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Planning your next golf trip? If you're flying to your golf destination, here are some tips that can save you time, aggravation, and money.

First, clean out your golf bag . Remove any items you have not used during the last six rounds of golf. Get rid of old golf balls; remove any balls you will not use during your trip. Take a maximum of 4 tees for each round you plan to play. Take 2 ball marks. Take 1 pitch mark repair tool. Can you get rid of any clubs? Do you really need the 4-iron that you rarely use?

Pack golf shoes, your golf glove, and six golf balls in your carry-on bag. If your golf clubs are delayed, you can rent clubs at almost any course; but do you really want to buy another pair of shoes?

Protect yourself from theft. We hate to say it, but theft by baggage handlers is a reality. Some of our friends have had individual clubs (putters and drivers) stolen during air travel. Use a Transportation Security Administration (TSA) approved padlock on your golf travel bag to help deter thieves. You can get a TSA approved padlock on-line or at most stores that sell luggage. Look for the TSA logo on the lock to ensure it can be opened by a TSA agent. Otherwise, they will cut the lock if your bag is chosen for inspection.

Weigh your luggage before you leave home. Most airlines charge extra fees for bags weighing more than 50 pounds (22.6 kg). Redistribute items between your golf bag, your suitcase, and your carry-on bag so you do not have to take your bags apart in the terminal or pay for overweight bags.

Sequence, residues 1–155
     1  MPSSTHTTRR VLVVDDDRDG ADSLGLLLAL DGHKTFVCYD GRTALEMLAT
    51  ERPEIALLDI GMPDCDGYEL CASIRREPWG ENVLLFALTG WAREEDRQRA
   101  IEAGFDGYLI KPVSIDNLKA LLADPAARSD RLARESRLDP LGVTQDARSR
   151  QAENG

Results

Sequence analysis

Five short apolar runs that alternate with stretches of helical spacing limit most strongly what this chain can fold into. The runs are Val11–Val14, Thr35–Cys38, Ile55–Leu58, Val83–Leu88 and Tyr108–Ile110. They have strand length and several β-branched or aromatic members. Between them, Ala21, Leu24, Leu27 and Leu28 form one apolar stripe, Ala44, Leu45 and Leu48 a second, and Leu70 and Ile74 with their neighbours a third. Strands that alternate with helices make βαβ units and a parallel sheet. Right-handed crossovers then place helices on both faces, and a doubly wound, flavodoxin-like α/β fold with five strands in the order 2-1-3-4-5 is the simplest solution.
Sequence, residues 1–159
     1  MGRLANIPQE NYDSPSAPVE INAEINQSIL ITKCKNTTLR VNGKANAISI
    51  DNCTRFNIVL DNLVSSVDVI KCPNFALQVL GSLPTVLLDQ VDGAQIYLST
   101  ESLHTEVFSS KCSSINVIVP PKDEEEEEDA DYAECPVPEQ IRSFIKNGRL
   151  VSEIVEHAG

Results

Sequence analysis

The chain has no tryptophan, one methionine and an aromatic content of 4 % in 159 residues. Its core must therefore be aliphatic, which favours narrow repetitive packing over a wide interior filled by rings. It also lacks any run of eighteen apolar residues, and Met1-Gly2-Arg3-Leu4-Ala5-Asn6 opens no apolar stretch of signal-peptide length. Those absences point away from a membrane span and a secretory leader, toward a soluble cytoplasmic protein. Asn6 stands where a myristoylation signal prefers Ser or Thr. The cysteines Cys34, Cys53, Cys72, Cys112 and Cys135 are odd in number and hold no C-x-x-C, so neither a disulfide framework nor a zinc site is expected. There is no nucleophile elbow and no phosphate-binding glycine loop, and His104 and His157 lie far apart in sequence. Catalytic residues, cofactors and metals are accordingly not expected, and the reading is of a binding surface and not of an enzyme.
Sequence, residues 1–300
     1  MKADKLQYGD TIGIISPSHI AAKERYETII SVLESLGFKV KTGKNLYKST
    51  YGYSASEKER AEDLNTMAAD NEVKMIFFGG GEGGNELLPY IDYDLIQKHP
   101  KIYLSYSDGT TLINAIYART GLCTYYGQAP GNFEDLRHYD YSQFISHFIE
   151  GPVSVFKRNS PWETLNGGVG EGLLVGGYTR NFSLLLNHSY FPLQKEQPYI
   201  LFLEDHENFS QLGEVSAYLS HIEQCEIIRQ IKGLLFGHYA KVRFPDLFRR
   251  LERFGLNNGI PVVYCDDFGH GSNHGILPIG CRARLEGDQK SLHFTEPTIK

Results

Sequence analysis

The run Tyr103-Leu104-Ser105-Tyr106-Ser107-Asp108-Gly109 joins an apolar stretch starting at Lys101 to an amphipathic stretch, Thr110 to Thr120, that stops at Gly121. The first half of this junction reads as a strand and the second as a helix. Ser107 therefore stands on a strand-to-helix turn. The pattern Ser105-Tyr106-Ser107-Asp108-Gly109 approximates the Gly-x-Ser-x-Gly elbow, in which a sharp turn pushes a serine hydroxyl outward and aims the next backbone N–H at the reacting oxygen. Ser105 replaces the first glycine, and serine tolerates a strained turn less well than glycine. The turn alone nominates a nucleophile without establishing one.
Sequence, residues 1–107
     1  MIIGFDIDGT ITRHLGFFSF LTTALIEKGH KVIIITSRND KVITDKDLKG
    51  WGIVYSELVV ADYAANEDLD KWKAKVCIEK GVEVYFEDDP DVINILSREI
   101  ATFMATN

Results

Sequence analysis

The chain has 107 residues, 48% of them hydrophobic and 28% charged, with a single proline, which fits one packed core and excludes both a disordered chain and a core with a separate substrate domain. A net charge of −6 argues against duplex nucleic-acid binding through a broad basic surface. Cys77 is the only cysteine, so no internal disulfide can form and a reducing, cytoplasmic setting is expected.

Make sure your luggage tags are securely fastened to all your bags , including your golf bag and your carry-on. Then put a business card inside each piece of luggage. If your bag is misrouted, and the luggage tag gets torn off during handling, airport security will be able to contact you.

Buy travel insurance. Travel insurance is inexpensive, but it can save you a ton of money if you have to cancel your trip, your flight is delayed, or you or a family member has medical problems, or your clubs or luggage is lost.

Be prepared for bad weather. You're more likely to play golf in the rain when you're on a golf vacation than when you're playing at home. So here are some tips on what to do to be prepared for inclement weather:

  • Change the spikes on your golf shoes before you leave home and put a couple of extra spikes and a spike-wrench in your golf bag. Beside giving you more stability during your swing, new spikes can make all the difference in the world if you're walking on slippery hills. A few extra spikes and the wrench weigh next-to-nothing and will come in handy if you lose a spike.
  • Check the grips on your golf clubs, including your putter. If you have not changed your grips in over a year, it's time! In bad weather, a new grip can make the difference between hitting it stiff or watching your favorite wedge pin-wheel into a pond after it slips out of your hands.
  • Invest in good rain gear, including a waterproof hat and rain gloves. Do not skimp on cheap rain gear or you might end up with gear that is not fully waterproof (just ask the members of the 2010 USA Ryder Cup team!) Put an umbrella in your bag.
  • An extra golf glove, towel and socks are also good if you have room. Put them all in a zip-lock bag inside your golf bag to ensure you're not going to pull out soggy gear.
  • Consider leaving your driver and fairway metal head covers at home and wrapping another towel around the club heads. This will ensure that your head covers do not get soaked if it rains or that your favorite head cover (the one your daughter bought you for your birthday) does not end up in the bin in some far-away starter's shack. And it also gives you an extra towel should the weather not cooperate. If you bring your head covers with you on the trip, consider leaving them in your travel bag, the trunk of your car, or in your room before heading to the golf course.

Hopefully, these tips will help you for your next golf trip to Florida, Myrtle Beach , Phoenix, Ireland, or wherever you may be traveling.



Source by Eric A. Rosenberg